Soil Vapor Extraction:
- Eight vertical vapor extraction wells and one horizontal air injection well
- 32 soil probe clusters
- Vapor-liquid separator; vapor-phase carbon vessel
- One positive displacement vacuum blower for extraction wells
- Range of total system flow rates - 268 to 499 cfm, with an average of 409 cfm; range of flow rates at the well heads - 22 to 132 cfm.
- Well head vacuums ranged from 3.9 inches to 7.0 inches Hg, with an average of 5.8 inches Hg.
- ROD signed: September 24, 1993
|EPA Remedial Project Manager:|
U.S. EPA Region 4
61 Forsyth Street
Atlanta, GA 30303-3415
Phone: (404) 562-8538
|Naval Facilities Engineering Command |
Remedial Project Manager:
Katherine H. Landman
MCB Camp LeJeune
Atlantic Division, Code 1823
1510 Gilbert Street
Norfolk, VA 23511-2699
Regulatory Requirements/Cleanup Goals:
- The ROD identified the following cleanup goals for soil: TCE - 32.2 µg/kg, PCE - 10.5 µg/kg, benzene - 5.4 µg/kg.
- No air emission standards were specified for this application, however the State of North Carolina required the facility to provide documentation about potential air emissions for this application and to include carbon treatment for air emissions.
- Results of confirmation soil boring samples showed TCE and benzene at nondetectable levels in all soil boring samples. PCE was reported at levels below the cleanup goal of 10.5 µg/kg in all but one sample.
- According to LANTDIV, EPA approved shutdown of the system because the single exception was slightly above the soil remedial goals and the contaminated groundwater under the area of concern was being addressed by a pump-and-treat system.
- For the discharge stack, concentrations ranged as follows: TCE - ND to 2.2 µg/L; PCE - ND to 147.4 µg/L; benzene - ND to 10.2 µg/L; and ethylbenzene - ND to 7.4 µg/L.
- Total cost of $469,949 was expended for remedial activities at Area A including $222,455 for capital costs and $247,485 for operation and maintenance (O&M) costs.
- The total cost of $469,940 corresponds to a unit cost of $27 per cubic yard (yd3) for 17,500 yd3 of soil treated.
Camp LeJeune Military Reservation (also known as Marine Corps Base Camp LeJeune), established in 1941, is a 170-square-mile installation near Jacksonville, North Carolina, that provides housing, training, logistical, and administrative support for Fleet Marine Force Units. Site 82 is was used for waste disposal and, in 1994, drums and debris were removed from the site. Area A was a portion of Site 82 at which residual soil and groundwater contamination remained after removal of drums and debris. Soil at Area A was contaminated with volatile organic compounds (VOC), primarily TCE, PCE, and benzene. The ROD specified SVE for remediation of contaminated soil.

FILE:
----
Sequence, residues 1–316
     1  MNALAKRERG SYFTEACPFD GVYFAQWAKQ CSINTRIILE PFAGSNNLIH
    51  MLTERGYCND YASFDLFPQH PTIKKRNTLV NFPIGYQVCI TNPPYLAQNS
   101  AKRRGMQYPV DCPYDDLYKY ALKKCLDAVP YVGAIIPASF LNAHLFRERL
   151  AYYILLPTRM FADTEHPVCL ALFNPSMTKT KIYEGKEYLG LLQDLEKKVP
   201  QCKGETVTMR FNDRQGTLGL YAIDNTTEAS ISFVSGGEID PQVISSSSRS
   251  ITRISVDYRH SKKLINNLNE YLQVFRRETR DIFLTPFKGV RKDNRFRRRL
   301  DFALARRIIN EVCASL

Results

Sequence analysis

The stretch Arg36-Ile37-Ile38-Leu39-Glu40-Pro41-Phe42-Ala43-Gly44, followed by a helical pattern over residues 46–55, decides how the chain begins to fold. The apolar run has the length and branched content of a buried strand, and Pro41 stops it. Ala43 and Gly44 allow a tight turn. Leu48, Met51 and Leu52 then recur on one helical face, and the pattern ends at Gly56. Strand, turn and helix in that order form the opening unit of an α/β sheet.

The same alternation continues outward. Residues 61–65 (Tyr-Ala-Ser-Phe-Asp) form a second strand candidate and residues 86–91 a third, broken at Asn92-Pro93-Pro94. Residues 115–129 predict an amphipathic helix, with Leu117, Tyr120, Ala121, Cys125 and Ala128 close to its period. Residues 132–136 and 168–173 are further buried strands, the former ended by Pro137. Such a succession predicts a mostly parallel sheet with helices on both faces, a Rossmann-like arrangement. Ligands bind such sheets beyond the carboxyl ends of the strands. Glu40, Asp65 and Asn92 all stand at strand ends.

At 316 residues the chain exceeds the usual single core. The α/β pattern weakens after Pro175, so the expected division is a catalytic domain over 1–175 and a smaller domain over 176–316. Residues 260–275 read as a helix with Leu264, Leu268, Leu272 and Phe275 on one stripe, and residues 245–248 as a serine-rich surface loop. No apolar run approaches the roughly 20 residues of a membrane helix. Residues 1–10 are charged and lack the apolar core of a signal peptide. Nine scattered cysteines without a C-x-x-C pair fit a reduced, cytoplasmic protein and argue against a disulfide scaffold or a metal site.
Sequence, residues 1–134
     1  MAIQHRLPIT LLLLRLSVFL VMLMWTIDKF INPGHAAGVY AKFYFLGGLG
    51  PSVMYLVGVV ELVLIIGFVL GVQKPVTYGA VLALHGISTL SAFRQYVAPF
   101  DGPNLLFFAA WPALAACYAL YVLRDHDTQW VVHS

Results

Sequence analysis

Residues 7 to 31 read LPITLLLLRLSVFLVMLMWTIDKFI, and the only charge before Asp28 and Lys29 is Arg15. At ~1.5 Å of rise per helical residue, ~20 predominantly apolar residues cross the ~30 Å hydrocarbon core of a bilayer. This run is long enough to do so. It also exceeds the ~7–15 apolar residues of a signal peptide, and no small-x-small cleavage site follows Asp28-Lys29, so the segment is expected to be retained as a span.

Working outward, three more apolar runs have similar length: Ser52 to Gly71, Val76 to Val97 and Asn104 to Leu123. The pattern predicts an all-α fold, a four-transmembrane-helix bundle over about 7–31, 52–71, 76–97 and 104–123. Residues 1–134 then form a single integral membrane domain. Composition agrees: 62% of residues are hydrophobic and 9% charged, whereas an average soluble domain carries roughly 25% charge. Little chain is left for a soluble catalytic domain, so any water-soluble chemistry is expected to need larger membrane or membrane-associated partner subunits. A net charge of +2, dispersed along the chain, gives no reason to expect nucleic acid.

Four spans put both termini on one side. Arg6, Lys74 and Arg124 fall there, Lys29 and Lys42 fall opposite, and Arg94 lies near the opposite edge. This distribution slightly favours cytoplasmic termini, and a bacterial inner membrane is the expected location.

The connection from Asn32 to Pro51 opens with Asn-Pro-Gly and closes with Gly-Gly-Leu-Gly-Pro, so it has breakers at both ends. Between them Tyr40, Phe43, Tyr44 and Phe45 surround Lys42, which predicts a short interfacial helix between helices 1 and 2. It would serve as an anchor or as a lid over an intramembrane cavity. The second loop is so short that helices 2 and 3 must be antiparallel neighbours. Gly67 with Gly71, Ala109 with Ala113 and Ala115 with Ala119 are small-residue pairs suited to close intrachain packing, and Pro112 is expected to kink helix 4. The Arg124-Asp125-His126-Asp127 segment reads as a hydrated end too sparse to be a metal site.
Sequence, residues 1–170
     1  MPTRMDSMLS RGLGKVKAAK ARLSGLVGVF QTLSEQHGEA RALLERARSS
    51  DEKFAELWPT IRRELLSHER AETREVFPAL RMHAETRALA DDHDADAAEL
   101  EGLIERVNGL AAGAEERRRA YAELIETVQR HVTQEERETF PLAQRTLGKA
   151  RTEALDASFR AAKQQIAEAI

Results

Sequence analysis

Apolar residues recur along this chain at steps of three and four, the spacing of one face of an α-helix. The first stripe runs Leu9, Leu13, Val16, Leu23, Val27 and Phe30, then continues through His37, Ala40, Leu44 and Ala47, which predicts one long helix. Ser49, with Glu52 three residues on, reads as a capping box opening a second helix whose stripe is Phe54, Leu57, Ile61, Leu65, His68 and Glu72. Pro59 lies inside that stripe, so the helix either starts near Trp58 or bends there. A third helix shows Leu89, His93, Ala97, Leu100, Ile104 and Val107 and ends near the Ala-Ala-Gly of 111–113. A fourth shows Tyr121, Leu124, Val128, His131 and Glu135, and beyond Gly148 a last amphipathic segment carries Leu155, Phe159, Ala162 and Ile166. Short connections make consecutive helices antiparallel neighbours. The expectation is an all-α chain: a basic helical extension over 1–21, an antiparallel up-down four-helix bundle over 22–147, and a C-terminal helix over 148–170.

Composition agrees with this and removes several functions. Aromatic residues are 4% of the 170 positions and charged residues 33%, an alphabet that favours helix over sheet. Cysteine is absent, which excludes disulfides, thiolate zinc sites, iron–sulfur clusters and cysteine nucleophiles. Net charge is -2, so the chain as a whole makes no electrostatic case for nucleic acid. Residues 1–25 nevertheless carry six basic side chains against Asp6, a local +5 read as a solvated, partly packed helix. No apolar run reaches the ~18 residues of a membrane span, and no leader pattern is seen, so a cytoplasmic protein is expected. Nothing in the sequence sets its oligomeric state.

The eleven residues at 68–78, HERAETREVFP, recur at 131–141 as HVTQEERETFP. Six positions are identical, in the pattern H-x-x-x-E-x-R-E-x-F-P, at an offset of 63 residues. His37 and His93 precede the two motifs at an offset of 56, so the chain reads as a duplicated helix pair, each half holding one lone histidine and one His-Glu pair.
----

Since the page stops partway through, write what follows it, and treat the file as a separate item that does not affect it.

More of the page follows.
The SVE system used at Area A included eight vertical vapor extraction wells (installed to a depth of 15 to 16 feet bgs), one horizontal air injection well (horizontal displacement of 330 feet; total depth of 15 feet bgs), 32 soil probe clusters (for measurement of subsurface vapors; each cluster consisted of one shallow and one deep probe at approximately 6 feet and 12 feet bgs, respectively), a vapor phase separator, a vapor-phase carbon vessel (granular activated carbon), and a vacuum extraction unit (VEU) that included a positive displacement blower that was used to apply vacuum to the extraction wells. The results of confirmation sampling showed that TCE and benzene met the cleanup goals in all soil boring samples. For 23 of 24 soil boring samples, PCE was reported at levels below the cleanup goal of 10.5 µg/kg. For one soil boring sample, PCE was reported at 29 µg/kg compared to the cleanup goal of 10.5 µg/kg. According to LANTDIV, EPA approved shutdown of the system because the single exception was slightly above the soil remedial goals and the contaminated groundwater under the area of concern was being addressed by a pump-and-treat system.
According to the Naval Facilities Engineering Command Remedial Project Manager, the SVE system at Area A was cost-effective. Significant other work was being performed at the site, including the construction and operation of a 500-gallon-per-minute (gpm) pump-and-treat plant to treat groundwater contaminated with VOCs, and helped to keep costs down because overhead and operations costs were shared. In addition, an on-site laboratory was being used for other analytical work on the base, and the shared cost of the use of that facility also helped to keep the cost of the SVE application low.